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Dr. Jorge Moreno is a theoretical astrophysicist, who has worked on a broad range of topics in galaxy formation and cosmology, his fields of expertise. Working in close collaboration with observers, his current research program employs high-performance supercomputing to investigate the nature of interacting galaxies and mergers. 

At the moment, Dr. Moreno holds a CITA National Prize Fellowship at the University of Victoria (under the supervision of Prof. Sara Ellison). He was also a Postdoctoral Research Fellow at SISSA/ISAC (Trieste, Italy), and a Visiting Assistant Professor at Haverford College (with a semester teaching at Bryn Mawr College), where he gained ample experience in teaching across the  whole physics and astronomy curriculum. In 2010, he earned his Ph.D in Physics and Astronomy, with a dissertation entitled “Dark Matter Halo Mergers and Quasars”, under the supervision of Prof. Ravi K. Sheth.

His achievements in research and teaching have been widely recognized with numerous of awards, including the Prize for Best Cosmology Contribution (awarded by George B. Smoot, Nobel Laureate), the Penn Prize for Excellence in Teaching, and the Penn Teaching Assistant Training Award. He was also recipient of the Sherman Fairchild Research Grant and the Young Research Scientist Grant. Dr. Moreno’s research contributions have been well-received by the scientific community, leading to over 45 invited seminars worldwide and over 20 conference talks. He is particularly proud of having organized and funded an international conference on Interacting Galaxies and Binary Quasars, the first in the history of astronomy to have more female than male invited speakers!

Born in Mexico City, Dr. Moreno moved to Los Angeles at the age of 13 with his family. Unfortunately, after graduating from Venice High School with the highest honors, he was denied the opportunity to pursue a college education in the United States. This did not stop him from continuing his studies in his home country, where he majored in theoretical physics at Cinvestav-IPN (Mexico’s National Polytechnic Institute). This step in his career eventually helped him return to the US, as a graduate student at the University of Pennsylvania. He is very thrilled by the opportunity to return to California, as an Assistant Professor in Physics and Astronomy, which he describes as “a dream come true”.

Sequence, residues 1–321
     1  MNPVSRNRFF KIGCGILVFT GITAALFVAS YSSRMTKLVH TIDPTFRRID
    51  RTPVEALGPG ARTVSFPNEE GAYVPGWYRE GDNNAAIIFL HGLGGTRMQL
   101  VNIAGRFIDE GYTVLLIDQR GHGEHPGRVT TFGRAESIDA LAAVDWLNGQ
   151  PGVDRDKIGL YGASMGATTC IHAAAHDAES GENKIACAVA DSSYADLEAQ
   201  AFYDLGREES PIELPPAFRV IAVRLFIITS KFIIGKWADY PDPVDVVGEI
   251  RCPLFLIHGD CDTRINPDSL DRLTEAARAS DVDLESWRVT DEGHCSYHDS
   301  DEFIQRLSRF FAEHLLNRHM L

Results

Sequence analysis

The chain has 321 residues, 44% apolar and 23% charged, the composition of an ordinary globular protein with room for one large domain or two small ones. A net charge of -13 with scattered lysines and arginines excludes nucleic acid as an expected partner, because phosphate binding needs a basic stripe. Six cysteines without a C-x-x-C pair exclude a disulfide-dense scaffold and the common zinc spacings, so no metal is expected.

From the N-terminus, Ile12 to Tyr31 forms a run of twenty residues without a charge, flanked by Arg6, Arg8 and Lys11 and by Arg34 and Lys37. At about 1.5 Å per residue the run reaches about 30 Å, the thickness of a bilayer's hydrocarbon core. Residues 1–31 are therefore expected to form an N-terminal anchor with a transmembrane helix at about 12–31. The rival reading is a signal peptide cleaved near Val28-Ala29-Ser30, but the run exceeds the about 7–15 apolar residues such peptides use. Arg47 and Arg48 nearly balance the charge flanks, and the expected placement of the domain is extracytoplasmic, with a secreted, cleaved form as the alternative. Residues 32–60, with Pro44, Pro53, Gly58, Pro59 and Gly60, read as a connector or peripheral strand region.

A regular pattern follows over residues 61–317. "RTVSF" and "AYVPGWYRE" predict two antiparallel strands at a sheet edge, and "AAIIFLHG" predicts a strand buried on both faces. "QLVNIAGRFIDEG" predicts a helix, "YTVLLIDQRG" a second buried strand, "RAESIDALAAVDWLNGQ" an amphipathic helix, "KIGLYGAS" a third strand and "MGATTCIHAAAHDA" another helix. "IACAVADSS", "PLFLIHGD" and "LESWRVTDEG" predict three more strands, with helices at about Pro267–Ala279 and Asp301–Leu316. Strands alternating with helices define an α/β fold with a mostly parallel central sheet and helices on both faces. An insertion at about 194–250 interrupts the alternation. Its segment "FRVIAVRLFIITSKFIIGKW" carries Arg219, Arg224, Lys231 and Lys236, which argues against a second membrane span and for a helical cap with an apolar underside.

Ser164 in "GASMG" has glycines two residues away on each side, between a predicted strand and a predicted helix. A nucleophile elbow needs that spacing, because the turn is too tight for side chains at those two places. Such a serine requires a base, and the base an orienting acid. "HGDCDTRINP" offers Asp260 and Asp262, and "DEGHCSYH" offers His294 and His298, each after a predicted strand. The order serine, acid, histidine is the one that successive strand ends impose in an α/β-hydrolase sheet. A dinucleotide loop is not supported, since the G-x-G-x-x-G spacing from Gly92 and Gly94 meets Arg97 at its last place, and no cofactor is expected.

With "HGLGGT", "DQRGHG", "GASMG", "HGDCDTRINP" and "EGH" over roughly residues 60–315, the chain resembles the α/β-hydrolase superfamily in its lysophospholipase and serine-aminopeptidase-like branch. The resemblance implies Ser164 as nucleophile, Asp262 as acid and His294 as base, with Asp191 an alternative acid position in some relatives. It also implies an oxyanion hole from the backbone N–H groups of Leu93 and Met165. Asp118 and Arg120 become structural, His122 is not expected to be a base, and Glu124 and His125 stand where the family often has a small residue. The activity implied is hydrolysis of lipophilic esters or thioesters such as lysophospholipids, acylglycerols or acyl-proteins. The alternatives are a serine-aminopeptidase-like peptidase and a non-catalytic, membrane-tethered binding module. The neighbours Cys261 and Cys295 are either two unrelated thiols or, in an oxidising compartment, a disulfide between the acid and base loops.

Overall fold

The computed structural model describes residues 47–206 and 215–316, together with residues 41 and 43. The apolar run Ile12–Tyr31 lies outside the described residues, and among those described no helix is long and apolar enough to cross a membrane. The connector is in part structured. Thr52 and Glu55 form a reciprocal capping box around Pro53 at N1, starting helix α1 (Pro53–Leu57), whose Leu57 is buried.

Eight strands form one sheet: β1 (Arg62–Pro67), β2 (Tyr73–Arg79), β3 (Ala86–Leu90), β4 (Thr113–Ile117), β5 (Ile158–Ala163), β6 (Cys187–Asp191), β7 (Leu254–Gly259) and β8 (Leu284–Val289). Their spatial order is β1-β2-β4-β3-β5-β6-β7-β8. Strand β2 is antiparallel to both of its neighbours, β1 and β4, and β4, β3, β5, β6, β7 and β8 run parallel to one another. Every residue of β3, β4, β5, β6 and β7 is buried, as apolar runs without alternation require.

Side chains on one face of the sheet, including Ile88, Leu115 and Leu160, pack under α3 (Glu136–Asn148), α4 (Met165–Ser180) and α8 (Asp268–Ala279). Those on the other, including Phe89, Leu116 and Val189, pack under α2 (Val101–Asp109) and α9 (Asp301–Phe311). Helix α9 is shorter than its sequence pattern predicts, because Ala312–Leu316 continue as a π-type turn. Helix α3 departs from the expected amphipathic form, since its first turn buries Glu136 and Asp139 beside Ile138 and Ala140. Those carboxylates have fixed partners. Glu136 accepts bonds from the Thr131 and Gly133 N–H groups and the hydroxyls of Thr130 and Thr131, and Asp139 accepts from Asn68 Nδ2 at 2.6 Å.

In addition to his passion for teaching and research, in his free time he enjoys travelling, running, cooking, and spending time with his wife and children. In sum, he is extremely excited about being in front of the classroom again, in supervising undergraduates in high-impact and exciting research projects -- and, above all, in becoming a member of the Cal Poly Pomona family!

Prof. Ertan Salik receives biotechnology grant to develop sensitive fiber optic biosensor

Read more: Prof. Ertan Salik receives biotechnology grant to develop sensitive fiber optic biosensor
Ertan Salik

Prof. Ertan Salik received the Faculty-Student Collaborative Research Grant for his project titled "Ultrasensitive and Robust Fiber Optic Biosensor for Rapid Immunoassays" from the California State University Program on Education and Research in Biotechnology (CSUPERB). Dr. Salik collaborates in fiber optic biosensor development projects with Dr. Shelton Murinda (Animal and Veterinary Science) and Dr. Wei-Jen Lin (Biological Sciences).

This grant provides $15,000 funding over the next year to develop the fiber optic biosensor. Dr. Salik gives the summary of the project as:

"Biosensors have great potential to address numerous needs in medical diagnosis, food safety, environmental monitoring, and biodefense. Widespread availability of sensitive, cost-effective, and portable biosensing platforms will lead to significantly faster and cheaper detection in the laboratory, at home, and in the field. This project aims to develop a cost-effective and robust fiber optic biosensor that can detect low concentrations of proteins, toxins, or bacteria in liquid samples in less than 1 hour. Such sensitive detection can enable early diagnosis of some diseases, and improve food safety through detection of infectious bacteria, such as E. coli O157:H7, which is a public health threat, and one of the five big foodborne pathogens that cost ~$6.9 billion/year to our economy."